What’s in an Idea?

I think my name might give it away, but I am a writer. Published? Yes and No. I was accepted not long before the publication fell through, and when it came back they had lost half of the work they had accepted, mine included. No e-mails were sent or anything, so you can bet I wasn’t exactly happy. But that is neither here nor there. I just wanted to state my qualifications.

Anyway, so “What’s in an Idea?” Well, lots of things, really. Everything and nothing at once with a dash of optimism, pessimism, and cynicism for flavor. With that vague description in place, we can move on. No? You want something less philosophical? Fine.

An idea according to the dictionary is:

  1. A thought or suggestion as to a possible course of action.
  2. A concept or mental impression.

Let’s take William Golding’s Lord of the Flies as an example. My more recent interpretation has a religious spin on it, and I’ll tell you how I got there. The title of the book is also a title for one of the 7 Princes of Hell, Beelzebub. Each Prince was also aligned with a deadly sin. Satan was Wrath, Lucifer for Pride, and Beelzebub for Gluttony.

What does that have to do with anything? Well, at the end of the book, Piggy gets killed. He is the glutton, the fat kid, and it’s only after this happens that they are saved. So, from a religious perspective, they had to kill a devil among them in order to be saved?

But wait? Piggy’s a devil now? It’s something I could write a paper on, and there’s so much more, but I wanted to give the most basic of descriptions. The point is, how did I get to this interpretation away from the traditional microcosm of society approach? Well, I was bored one day and decided to look up Christian Mythology. (The root of Mythology is Mythos, the Greek word for Story. So I looked up Christian Stories. Don’t panic!) I read about the seven princes, and Beelzebub, and an idea sparked, changing my opinions of this book forever. That is the power of an idea.

Now the tagline for this blog is “Ideas are dangerous, so let’s play!” The basis for this is from Oscar Wilde who said “An idea that is not dangerous is unworthy of being called an idea at all.” I’m not the biggest fan of his works, but I appreciate the sentiment. Ideas are what pushed humanity forward. Without them, we would never have the wheel, or electricity, or aerosol spray; and any idea that would change humanity is almost always challenged and fought, tooth and nail, as we, as a society, fear drastic changes.

Copernicus changed everything when he states his theory on the heliocentric model of the universe. Had Charles Babbage completed his Analytical Engine, we might have had a semblance of computers nearly 100 years sooner. When the CD came out, people fought for the tape cassette. Then the same thing has happened in the change to .mp3 files. VHS to DVD wasn’t all that long ago either, and people still fight.

Ideas are a powerful thing, and so now, I want to get to them in regards to writing. There’s no such thing as a bad idea in what you want to write about. The only thing bad about it, is how you approach it, and even that is debatable.

In particular, I’m a writer of fantasy and science fiction. Now, there are a lot of archetypes, tropes, themes, etc… that run their courses through all of them. Let’s face it, Elves are here to stay, and so are the Dwarves. Should they ever stop bickering, we might be in trouble. What about new ideas though? Where’s the fantasy about someone struggling to survive in a dominating religion? What about a fantasy with ugly Elves and seafaring Dwarves?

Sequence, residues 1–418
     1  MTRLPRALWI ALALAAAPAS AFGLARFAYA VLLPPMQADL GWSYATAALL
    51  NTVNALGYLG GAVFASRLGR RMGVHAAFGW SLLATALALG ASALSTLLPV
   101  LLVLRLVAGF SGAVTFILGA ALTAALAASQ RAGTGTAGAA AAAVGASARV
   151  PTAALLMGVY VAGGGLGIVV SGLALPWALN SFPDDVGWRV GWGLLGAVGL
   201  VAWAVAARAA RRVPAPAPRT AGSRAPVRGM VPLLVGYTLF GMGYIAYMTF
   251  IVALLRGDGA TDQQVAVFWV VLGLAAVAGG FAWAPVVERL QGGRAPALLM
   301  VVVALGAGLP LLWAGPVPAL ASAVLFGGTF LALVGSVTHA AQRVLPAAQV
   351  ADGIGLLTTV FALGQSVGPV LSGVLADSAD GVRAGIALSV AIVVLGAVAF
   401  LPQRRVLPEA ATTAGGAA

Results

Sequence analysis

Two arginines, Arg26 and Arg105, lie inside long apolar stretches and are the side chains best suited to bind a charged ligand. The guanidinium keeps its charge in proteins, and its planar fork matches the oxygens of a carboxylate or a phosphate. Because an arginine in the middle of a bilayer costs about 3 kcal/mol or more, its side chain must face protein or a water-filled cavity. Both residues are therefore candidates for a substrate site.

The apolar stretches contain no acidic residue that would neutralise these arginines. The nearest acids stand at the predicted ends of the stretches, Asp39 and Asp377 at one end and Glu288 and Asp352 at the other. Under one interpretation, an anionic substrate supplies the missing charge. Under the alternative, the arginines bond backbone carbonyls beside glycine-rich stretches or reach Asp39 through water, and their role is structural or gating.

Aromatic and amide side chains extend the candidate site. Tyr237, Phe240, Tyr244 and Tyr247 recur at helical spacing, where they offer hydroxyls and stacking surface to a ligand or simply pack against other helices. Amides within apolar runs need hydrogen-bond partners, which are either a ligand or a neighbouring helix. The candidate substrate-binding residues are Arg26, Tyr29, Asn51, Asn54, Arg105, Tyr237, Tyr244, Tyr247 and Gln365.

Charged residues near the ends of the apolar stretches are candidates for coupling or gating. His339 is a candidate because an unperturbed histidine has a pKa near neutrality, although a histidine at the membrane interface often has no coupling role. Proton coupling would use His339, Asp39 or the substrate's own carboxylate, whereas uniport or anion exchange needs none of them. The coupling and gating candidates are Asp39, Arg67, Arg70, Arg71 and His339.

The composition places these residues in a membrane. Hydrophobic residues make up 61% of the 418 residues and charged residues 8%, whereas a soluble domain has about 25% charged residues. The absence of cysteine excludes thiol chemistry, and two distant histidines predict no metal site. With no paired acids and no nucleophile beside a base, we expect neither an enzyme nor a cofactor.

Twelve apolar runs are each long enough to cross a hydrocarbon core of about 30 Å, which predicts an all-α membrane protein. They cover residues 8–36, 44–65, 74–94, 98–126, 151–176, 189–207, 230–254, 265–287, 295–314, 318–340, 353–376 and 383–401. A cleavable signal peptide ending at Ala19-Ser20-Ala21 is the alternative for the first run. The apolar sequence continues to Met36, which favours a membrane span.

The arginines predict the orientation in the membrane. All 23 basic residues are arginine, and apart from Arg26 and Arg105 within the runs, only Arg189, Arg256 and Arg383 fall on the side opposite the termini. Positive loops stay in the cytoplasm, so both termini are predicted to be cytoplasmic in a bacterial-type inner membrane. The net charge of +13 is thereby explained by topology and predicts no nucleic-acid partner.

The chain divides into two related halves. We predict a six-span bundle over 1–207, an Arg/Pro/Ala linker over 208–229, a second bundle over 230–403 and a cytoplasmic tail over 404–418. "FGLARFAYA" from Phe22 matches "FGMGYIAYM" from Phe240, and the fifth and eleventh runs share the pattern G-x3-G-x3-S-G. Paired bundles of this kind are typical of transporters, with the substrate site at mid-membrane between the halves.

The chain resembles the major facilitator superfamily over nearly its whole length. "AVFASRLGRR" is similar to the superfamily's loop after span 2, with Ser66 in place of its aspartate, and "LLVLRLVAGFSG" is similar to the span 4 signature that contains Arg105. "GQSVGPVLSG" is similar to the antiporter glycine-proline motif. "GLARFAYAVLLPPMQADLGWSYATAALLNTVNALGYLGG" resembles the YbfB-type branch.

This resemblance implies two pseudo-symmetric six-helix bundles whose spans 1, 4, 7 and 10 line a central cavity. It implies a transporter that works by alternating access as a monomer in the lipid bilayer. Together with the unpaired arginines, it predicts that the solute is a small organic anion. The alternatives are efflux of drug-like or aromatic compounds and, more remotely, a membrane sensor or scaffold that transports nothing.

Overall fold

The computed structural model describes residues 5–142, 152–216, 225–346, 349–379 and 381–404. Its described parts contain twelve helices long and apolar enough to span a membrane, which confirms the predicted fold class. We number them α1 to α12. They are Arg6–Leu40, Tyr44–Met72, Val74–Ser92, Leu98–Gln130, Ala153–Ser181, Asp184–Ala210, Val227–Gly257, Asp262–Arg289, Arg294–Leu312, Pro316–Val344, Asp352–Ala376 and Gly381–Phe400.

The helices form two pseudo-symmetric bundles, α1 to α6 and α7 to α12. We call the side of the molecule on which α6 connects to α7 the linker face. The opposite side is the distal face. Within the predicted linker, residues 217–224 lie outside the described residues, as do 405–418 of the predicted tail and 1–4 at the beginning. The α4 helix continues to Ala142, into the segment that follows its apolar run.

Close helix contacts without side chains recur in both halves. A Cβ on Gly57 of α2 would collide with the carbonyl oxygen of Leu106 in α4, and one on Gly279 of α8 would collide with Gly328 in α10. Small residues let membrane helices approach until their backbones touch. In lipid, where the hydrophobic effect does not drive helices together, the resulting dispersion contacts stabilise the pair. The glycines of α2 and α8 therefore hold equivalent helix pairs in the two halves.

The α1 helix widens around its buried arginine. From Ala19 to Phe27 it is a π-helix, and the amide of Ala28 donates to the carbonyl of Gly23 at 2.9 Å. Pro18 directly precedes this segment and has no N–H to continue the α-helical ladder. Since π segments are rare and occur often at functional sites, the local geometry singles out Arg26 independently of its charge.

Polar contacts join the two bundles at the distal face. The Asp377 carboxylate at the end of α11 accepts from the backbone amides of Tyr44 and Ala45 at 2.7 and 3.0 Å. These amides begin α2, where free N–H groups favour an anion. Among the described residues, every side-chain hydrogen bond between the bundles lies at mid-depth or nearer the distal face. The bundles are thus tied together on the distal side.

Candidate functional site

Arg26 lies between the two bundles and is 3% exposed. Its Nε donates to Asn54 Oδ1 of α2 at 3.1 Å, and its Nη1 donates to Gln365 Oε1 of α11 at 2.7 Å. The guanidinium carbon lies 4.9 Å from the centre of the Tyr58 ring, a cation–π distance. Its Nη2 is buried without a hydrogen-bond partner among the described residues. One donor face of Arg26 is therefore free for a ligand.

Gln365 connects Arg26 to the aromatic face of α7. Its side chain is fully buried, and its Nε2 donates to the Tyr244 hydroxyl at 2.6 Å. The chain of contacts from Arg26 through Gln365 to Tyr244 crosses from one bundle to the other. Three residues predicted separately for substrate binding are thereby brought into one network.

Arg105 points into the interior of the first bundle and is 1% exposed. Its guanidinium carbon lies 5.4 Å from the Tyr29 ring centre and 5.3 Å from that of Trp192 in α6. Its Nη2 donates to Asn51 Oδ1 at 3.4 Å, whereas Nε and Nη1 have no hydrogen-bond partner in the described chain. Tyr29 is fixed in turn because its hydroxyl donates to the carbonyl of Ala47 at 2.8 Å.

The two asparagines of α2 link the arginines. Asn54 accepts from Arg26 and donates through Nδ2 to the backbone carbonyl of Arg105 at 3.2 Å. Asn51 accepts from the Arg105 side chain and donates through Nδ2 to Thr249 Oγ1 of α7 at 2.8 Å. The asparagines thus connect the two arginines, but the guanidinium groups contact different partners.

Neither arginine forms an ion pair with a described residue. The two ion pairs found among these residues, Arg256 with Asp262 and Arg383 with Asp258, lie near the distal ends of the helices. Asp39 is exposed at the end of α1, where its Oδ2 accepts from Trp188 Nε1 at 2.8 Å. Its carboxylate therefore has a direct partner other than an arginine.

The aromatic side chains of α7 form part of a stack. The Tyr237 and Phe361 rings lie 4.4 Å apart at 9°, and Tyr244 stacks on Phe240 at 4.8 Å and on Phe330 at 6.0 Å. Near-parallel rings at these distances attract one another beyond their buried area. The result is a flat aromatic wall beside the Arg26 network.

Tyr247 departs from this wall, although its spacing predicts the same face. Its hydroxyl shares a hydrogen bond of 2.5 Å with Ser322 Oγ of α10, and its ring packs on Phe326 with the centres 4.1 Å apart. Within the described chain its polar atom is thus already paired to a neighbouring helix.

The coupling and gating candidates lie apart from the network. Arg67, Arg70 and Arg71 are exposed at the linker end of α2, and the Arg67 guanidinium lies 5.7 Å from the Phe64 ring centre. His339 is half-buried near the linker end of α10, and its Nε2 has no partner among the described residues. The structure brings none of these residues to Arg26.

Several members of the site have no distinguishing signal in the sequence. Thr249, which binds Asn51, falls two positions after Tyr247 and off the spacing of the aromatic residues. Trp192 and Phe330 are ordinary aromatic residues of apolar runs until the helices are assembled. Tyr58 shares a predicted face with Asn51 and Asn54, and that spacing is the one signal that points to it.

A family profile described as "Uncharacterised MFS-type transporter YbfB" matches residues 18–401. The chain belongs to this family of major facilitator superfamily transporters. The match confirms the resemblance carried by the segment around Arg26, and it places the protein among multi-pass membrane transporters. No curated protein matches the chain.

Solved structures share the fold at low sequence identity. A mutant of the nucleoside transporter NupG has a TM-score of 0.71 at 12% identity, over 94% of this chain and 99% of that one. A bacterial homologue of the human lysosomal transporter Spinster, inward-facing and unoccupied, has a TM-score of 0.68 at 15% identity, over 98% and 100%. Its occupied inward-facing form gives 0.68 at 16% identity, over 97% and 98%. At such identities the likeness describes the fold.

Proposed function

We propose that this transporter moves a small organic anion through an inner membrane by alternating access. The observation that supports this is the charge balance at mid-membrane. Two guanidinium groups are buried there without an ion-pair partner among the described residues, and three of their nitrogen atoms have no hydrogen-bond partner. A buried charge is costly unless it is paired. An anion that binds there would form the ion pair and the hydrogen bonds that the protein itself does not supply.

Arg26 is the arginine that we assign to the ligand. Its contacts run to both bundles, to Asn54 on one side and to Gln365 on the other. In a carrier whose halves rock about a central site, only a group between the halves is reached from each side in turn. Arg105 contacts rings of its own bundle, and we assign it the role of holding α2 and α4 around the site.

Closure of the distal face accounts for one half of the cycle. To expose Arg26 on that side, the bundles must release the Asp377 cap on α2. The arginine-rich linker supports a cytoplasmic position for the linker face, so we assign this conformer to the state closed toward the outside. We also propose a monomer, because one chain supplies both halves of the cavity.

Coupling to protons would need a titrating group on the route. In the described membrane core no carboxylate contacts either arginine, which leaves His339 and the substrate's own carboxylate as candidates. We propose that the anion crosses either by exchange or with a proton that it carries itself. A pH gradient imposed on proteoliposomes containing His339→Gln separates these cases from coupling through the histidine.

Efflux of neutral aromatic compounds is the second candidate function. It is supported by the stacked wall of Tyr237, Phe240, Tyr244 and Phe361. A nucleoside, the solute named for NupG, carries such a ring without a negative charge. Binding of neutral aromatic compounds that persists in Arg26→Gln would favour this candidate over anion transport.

In writing, our ideas can push boundaries to expand the genre into something bigger, broader, and better. Let’s look at Steampunk for a moment. In a way, it has a foundation in science fiction. It is all foreign technology, or tech that has advanced a particular way from what we know, and yet we find it fantastical in nature. It tends to be adventurous, and exactly what we’d expect in Fantasy. And thus, the genres overlap. George R.R. Martin and some of his friends work on the Wild Cards mosaic novels. Here we have alternate history and super heroes wrapped together. Alternate history is a type of fantasy. Super heroes, and how the come into their powers tends to be in a science fiction realm. So now we broaden the fantasy genre once more. Let’s leave fantasy and look at horror. Dracula was based on Vlad the Impaler, and actual historical figure. We saw the vampire story broaden into something iconic. Now let’s throw some glitter in there, and we get something else that was (unfortunately) iconic in our lifetimes.

We could spend hours on this and never be near completion. The UK news site, The Daily Mail, posted an article on Fifty Shades of Grey. It became the best selling Kindle book ever. “Sales of the book, the first in a trilogy, have overtaken the Harry Potter books and The Da Vinci Code.” It started as Twilight Fan Fiction. That is the power of an idea.

Finally, let’s get to the heart of the matter. “What’s in an idea?” Honestly? Everything. Nothing. My vague description from before is the best answer that I can give. That’s why, no matter what the idea, keep writing. Maybe it’ll be a flop. On the other hand, you might change the world, create a best seller, change someone’s mind on a topic, or at the very least get one more burning itch out of your brain.

So, yeah… Keep writing.

~ Underdog


About writing underdog

I'm an aspiring writer of fantasy and science fiction. I graduated from a university with a degree in Writing and a minor in Philosophy. I try to learn a little about everything. I hope to update regularly, meaning at least once per week. View all posts by writing underdog

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